Many observers expect the incoming Secretary of Defense, Leon Panetta, to be focused on reining in spending and cutting expenses at the Pentagon. However, it is possible that the focus of Secretary Panetta’s time in office may be devoted to an entirely different agenda. In his written responses to questions from the Senate Armed Services Committee, the nominee made a point of stressing the growing threat posed by China’s military modernization. As the outgoing director of the Central Intelligence Agency, Panetta knows perhaps better than anyone in the Obama Administration how serious that threat is becoming. China’s military modernization is focused on anti-access and area capabilities that can only be directed against the United States. These capabilities include anti-ship ballistic missiles, advanced strike aircraft, so-called triple digit surface-to-air missiles, cyber attack, long-range and space-based sensors and space denial (ASAT) weapons. Panetta all but named China as the problem of the near future when he said that U.S. forces will have to face adversaries armed with air defense systems, long-range ballistic missiles and anti-ship cruise missiles.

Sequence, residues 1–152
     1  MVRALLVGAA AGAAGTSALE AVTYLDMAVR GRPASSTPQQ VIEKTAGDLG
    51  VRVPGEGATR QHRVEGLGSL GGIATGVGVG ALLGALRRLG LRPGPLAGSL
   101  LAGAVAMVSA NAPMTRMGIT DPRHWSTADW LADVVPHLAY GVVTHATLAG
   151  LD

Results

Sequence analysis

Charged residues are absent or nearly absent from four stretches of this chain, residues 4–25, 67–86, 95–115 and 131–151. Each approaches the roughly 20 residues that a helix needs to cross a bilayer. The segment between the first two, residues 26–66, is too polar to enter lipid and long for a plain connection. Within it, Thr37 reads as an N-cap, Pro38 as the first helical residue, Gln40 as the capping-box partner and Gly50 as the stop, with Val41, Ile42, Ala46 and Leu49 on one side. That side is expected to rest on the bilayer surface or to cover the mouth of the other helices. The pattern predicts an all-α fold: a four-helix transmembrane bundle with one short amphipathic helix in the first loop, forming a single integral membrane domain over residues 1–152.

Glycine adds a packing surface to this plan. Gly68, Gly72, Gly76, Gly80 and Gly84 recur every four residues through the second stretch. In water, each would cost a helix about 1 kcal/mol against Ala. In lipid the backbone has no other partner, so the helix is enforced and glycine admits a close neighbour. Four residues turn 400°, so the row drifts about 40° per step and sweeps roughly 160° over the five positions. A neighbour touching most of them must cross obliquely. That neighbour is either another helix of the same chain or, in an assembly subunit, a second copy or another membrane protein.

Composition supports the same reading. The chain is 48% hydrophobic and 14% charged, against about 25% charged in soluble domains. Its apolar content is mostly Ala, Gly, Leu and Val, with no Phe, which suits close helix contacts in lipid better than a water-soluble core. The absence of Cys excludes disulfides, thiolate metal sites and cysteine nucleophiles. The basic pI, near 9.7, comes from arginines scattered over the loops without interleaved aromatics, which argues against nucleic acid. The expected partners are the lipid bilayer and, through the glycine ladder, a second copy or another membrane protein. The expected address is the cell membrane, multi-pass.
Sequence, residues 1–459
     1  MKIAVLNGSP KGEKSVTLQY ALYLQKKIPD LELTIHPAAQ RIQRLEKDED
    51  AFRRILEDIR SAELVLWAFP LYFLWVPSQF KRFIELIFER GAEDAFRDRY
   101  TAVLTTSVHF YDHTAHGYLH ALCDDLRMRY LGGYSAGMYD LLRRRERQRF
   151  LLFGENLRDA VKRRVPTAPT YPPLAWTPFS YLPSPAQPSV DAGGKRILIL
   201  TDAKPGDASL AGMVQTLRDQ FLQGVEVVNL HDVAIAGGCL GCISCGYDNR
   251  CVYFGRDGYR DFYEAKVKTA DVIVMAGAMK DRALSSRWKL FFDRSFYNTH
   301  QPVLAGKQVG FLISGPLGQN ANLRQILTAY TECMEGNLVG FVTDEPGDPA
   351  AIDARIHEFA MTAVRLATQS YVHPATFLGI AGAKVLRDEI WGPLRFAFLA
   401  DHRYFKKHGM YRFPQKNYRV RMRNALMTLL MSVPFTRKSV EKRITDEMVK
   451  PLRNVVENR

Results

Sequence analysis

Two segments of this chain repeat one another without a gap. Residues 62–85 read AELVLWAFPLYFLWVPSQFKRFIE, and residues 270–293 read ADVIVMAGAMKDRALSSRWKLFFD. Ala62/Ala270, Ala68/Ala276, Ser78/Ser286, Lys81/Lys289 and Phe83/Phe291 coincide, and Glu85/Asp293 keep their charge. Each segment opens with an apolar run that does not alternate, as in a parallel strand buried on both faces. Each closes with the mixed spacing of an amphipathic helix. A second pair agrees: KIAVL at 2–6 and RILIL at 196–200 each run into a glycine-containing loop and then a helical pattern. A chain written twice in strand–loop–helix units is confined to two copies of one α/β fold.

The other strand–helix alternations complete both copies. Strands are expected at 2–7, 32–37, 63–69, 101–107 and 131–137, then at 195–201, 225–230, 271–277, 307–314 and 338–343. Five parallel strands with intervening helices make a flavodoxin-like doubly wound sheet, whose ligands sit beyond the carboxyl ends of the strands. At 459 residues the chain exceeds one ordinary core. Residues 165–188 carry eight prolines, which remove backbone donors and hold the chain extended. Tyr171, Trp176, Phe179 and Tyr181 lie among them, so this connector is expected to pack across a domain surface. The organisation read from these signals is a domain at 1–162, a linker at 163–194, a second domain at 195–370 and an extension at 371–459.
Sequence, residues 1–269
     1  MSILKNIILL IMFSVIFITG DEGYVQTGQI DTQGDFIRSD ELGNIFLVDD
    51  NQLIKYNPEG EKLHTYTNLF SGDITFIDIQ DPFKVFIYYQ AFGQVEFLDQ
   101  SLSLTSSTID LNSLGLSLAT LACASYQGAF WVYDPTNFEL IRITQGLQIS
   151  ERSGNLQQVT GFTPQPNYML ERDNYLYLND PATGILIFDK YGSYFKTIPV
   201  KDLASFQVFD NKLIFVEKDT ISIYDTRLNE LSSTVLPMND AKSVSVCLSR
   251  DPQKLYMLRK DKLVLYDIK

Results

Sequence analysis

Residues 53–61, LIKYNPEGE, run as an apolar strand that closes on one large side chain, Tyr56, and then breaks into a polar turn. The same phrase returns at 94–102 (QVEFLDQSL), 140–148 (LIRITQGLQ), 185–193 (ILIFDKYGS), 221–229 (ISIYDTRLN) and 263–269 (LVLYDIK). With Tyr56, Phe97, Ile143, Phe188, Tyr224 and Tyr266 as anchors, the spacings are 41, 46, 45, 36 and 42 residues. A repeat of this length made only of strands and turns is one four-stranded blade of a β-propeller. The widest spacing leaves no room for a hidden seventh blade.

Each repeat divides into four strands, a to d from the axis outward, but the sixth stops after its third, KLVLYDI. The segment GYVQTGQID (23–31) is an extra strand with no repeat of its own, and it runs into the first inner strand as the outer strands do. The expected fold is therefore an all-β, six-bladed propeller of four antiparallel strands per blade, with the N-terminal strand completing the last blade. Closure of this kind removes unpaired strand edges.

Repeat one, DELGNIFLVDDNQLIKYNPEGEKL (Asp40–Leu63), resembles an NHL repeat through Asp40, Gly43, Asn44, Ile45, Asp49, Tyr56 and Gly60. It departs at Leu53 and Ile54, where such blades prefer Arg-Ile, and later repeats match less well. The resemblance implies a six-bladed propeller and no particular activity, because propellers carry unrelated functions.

Given this view of the emerging threat it is not surprising that Panetta would support his predecessor, Robert Gates’ efforts to invest in advanced aerospace and naval capabilities. Responding to one question, Panetta specifically declared his commitment to the F-35 Joint Strike Fighter program. “I believe it is important that we transition to a fifth generation tactical fighter capability as soon as practical.” Panetta appeared also to concur with Gates on the need to modernize U.S. long-range strike and surveillance capabilities, heavy lift and sea and land-based theater missile defenses.
Without question, the new Secretary of Defense will face an enormous challenge in pursuing an ambitious modernization program in a tight budget environment. Undoubtedly he will look for ways of saving money through greater efficiencies, reduced overhead and cutting health care expenses. Ultimately, he must recognize that as the United States exits from Iraq and draws down its forces in Afghanistan that the Pentagon, the administration and the nation will face the need to choose between reducing its current emphasis on counter-insurgency and low intensity operations in favor of modernizing high end forces to deal with the “China threat” or the risk of strategic irrelevance in the region of the world that will dominate economics and politics in the 21st century.
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